Sunday Sermons
Sunday Sermons
Light Overwhelms the Darkness


Sermon by The Rev. Christopher Hogin, December 30, 2018

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The Gospel: John 1:1-18

In the beginning was the Word, and the Word was with God, and the Word was God. He was in the beginning with God. All things came into being through him, and without him not one thing came into being. What has come into being in him was life, and the life was the light of all people. The light shines in the darkness, and the darkness did not overcome it.

There was a man sent from God, whose name was John. He came as a witness to testify to the light, so that all might believe through him. He himself was not the light, but he came to testify to the light. The true light, which enlightens everyone, was coming into the world.

He was in the world, and the world came into being through him; yet the world did not know him. He came to what was his own, and his own people did not accept him. But to all who received him, who believed in his name, he gave power to become children of God, who were born, not of blood or of the will of the flesh or of the will of man, but of God.

And the Word became flesh and lived among us, and we have seen his glory, the glory as of a father’s only son, full of grace and truth. (John testified to him and cried out, “This was he of whom I said, ‘He who comes after me ranks ahead of me because he was before me.'”) From his fullness we have all received, grace upon grace. The law indeed was given through Moses; grace and truth came through Jesus Christ. No one has ever seen God. It is God the only Son, who is close to the Father’s heart, who has made him known.

The Sermon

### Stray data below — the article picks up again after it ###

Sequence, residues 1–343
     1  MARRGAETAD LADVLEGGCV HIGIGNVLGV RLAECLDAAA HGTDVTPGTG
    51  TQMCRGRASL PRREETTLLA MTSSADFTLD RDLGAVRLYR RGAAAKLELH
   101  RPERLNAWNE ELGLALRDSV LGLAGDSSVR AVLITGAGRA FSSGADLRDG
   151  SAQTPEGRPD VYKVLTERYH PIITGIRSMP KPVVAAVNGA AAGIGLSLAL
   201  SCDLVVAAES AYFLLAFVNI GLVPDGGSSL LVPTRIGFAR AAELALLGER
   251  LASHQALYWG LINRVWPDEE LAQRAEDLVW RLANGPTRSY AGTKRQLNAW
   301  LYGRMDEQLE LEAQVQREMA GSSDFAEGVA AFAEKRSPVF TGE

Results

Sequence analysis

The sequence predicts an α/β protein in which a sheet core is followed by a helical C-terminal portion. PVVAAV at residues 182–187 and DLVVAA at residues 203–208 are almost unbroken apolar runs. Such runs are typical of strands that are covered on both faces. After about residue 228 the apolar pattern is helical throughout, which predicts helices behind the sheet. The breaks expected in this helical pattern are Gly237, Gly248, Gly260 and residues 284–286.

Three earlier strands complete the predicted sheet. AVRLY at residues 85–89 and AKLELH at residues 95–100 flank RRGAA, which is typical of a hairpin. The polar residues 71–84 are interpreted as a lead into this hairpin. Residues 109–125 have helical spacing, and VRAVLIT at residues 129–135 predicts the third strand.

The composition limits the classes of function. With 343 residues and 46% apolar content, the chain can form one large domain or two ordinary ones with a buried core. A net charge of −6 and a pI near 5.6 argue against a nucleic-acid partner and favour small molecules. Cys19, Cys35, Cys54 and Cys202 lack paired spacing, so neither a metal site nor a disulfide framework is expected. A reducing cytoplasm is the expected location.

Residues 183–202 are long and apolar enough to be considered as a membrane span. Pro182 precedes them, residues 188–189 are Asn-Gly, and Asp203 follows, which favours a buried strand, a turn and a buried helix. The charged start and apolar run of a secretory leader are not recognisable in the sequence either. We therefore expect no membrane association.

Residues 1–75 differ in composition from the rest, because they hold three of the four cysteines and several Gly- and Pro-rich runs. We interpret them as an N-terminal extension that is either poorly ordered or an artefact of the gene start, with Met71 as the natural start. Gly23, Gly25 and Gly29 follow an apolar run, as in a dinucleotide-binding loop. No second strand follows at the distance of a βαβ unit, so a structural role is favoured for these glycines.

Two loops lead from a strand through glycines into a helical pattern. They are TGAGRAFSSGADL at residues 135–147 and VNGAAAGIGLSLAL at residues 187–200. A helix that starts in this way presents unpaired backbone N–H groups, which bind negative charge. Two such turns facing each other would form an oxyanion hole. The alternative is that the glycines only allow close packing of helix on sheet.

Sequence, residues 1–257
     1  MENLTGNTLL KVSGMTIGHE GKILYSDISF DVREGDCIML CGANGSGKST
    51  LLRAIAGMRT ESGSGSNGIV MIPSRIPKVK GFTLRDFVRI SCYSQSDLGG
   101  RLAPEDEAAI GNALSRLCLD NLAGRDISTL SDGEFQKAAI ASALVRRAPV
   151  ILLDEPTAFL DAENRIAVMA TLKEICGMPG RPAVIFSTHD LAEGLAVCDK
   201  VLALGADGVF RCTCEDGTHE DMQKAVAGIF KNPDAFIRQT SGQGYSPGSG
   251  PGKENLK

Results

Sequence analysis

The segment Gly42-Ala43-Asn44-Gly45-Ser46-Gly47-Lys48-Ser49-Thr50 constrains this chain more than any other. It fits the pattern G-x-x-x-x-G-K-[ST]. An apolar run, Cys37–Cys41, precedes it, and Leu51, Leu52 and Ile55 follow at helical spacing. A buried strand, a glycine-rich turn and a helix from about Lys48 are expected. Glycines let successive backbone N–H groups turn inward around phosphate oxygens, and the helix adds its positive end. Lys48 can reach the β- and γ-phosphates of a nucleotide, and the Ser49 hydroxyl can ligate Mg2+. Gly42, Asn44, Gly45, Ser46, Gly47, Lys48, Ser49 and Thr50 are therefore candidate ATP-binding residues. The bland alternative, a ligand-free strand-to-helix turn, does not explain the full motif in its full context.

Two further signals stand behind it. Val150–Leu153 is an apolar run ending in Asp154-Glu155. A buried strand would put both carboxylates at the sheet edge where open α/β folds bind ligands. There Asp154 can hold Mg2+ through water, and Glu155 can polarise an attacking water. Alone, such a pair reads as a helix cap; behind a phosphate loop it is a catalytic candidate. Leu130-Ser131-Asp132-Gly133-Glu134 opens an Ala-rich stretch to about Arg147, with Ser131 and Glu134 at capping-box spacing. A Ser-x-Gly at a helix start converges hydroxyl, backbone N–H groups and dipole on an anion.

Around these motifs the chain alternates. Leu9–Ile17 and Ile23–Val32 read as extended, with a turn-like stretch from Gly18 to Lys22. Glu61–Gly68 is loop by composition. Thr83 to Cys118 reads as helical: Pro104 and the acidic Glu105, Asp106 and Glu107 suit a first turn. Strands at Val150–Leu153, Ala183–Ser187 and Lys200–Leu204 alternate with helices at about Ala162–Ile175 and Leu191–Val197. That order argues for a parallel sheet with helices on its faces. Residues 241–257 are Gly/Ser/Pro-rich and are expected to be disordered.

The Reverend Christopher Hogin Light Overwhelms the Darkness John 1:1-18 The Episcopal Church of the Ascension December 30, 2018   Have you ever visited The Lost Sea? It’s a massive cave located off I-75 south in Sweetwater. It’s been occupied by pre-historic animals, Native American tribes, moonshiners, and confederate soldiers. In 1905, a 13 year old boy stumbled down a passageway and brought it to the attention of the modern world. In fact, according to the Guinness Book of World Records, it’s America’s largest underground lake fully stocked with Rainbow trout. My favorite part of the tour is when the guide stops midway, and asks the group to lean against the cave wall. Then, with the flip of a switch, the lights go out. Everyone sits in total darkness. It’s the kind of darkness you can’t replicate. In this darkness everything becomes a meaningless void that’s disconcerting and disorienting. You can feel nervousness in the group. During one such visit, a man in the group couldn’t stand it any longer. He struck a match and held high. In that instant, all eyes gravitated towards that light. You could literally feel everyone moving toward its illuminating glow. Despite acres of darkness, a tiny, single match disrupted it all providing a ray of hope. All you had to do was just look at it. But it was also just as easy to turn away from that light, and instead, focus on the darkness. Choosing to look at the light, even just a small pin-prick, overwhelmed the darkness. We are in the season of Christmas. Christmas is a season of light. Christmas emphasizes light amidst the darkness. It’s one of the reasons why we illuminate Christmas trees, light candles, and burn Yule logs. Those holiday traditions communicate how light prevails over darkness. It’s a nice sentiment, but hard to believe sometimes. We live in a broken world where it seems darkness prevails. Every December we celebrate the birth of Christ. We read the gospel, and proclaims tidings of peace. Yet sin and suffering persist. This was articulated to me a few years ago while living in Durham, North Carolina. I was in a sports bar watching a basketball game. During half-time, I went outside to make a phone call. On the bench was a guy smoking a cigarette. We struck up a conversation. He found out I was in Divinity school. He shared with me aspects of his faith, or rather, his lack of faith. His asked me a point-blank question, “So Christ came into the world to save us right? Well, what has changed? Has anything really changed that much?” It’s a fair question. We live in a broken world. But our brokenness comes through three things: fears, anger, and disappointment over unmet desires. Fears, anger, and disappointment over unmet desires—all human suffering springs out of those dimensions. Think about it, all the horrible things we as humans do to one another, the wars, the cheating, the lying, the abuse—all spring from those three things: fears, anger, and disappointment over unmet desires. Where we end up in life often results from a mysterious mix of forces both within and beyond our control. We can’t help sickness, death, natural disasters, or how others treat us.  But we can choose how we react when confronted with fears, anger, and disappointment over unmet desires, all of which beckons darkness through cynicism and despair. Darkness thrives on our fears, anger, and disappointment over unmet desires, which creates suffering. If you don’t believe me, recall the words coming from the wise sage Yoda from the Star Wars series ,who said, “Fear leads to anger…anger leads to hate…hate leads to suffering.” I think Yoda was actually quoting from the Gospel of John. John boldly proclaims in, “The light shines in the darkness, and the darkness did not overcome it.” And that is message today: light will always overwhelm the darkness, but we must choose to focus on it. Here’s the good news. God became incarnate through Christ. Christ came into this world to be that light for us, so that we have a light to focus on in the darkness through Christ. We should all ask ourselves what are our fears, anger, and disappointment over unmet desires?  Did our life turn out the way we hoped or expected? More importantly, how are we responding?  Let me ask you, do you want a New Year’s resolution, here’s one. On a daily basis, ask yourself, what are my fears, disappointments, and unmet desires? How am I responding? Am I sitting in a cave of darkness refusing to gaze at the light, or am I turning my gaze towards the light of grace? Yes, there is darkness all around us, both in the world and deep inside us. There always was, and always will be. But remember this: darkness will never overwhelm light. Even a small, pin-prick of light disrupts the darkness, throwing it off balance as I discovered at The Lost Sea. A single match pierced the cavernous darkness. All I had to do was look at it Christ came into this world to be our light. Christ came into this world to give us hope amidst the darkness, to remind us that we have all that we need in this world. So whatever fears, anger, and disappointment over unmet desires we have, may we lay them before God. May we willingly turn away from darkness and gaze ever deeper into God’s healing light embodied through Christ. Truly, “The light shines in the darkness, and the darkness did not overcome it.” Amen